Brits Excel at New Sport: Extreme Overtime

Last Updated Mar 1, 2010 2:26 PM EST

Did you mark Work Your Proper Hours Day last week? Last Friday was the day that, if the average employee did all their unpaid overtime at the beginning of the year, they actually started to get paid for the work they do.

The initiative launched by the TUC is designed to highlight research from the organisation that found the number of people working over ten hours a week (or extreme) unpaid overtime has increased over six-fold from 14,000 to nearly 900,000 over the last year.

The union calculates over five million employees clocked up over seven hours unpaid work, which is worth £27.4 billion to the UK economy and for those people who work the extreme, ten plus hours, it means effectively, they don't start getting paid until 26 April.

It's a chunk of productivity that probably doesn't figure in many economists calculations, but one that might unexpectedly impact the government's calculations on how many jobs the public sector should shed, as it's these workers who are much more apt to work extra hours for no extra pay.

Over a quarter of public sector workers indulge in extreme overtime, compared to one in six private sector staff, according to the TUC's research.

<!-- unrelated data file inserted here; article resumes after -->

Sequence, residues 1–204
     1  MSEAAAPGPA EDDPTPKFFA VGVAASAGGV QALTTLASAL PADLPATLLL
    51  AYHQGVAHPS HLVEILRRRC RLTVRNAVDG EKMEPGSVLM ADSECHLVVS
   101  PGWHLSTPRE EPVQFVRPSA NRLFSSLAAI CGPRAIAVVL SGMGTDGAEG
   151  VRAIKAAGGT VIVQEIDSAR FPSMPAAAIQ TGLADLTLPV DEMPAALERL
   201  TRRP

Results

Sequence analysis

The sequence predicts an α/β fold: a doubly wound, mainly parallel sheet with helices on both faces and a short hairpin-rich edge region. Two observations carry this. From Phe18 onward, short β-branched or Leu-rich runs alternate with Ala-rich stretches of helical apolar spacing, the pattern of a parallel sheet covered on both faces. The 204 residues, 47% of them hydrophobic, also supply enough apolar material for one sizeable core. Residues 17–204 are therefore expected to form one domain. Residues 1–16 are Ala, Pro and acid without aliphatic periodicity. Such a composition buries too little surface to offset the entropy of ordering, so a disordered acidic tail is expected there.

Teachers and lawyers are the professions most likely to work over ten hours of unpaid overtime and single women are more likely to do so than single men, or couples co-habiting, with or without children.

The figures highlight how much rank-and-file staff are taking on to share the pain of the recession and begs the question how much more will they take?

It also should humble some of the pundits in the private sector who have been baying for massive cuts in the public sector, if those cutbacks mean laying off people who actually provide some of their services for free.

Are you an extreme overtimer? Write in below and tell us.

(Pic: cell 105 cc2.0)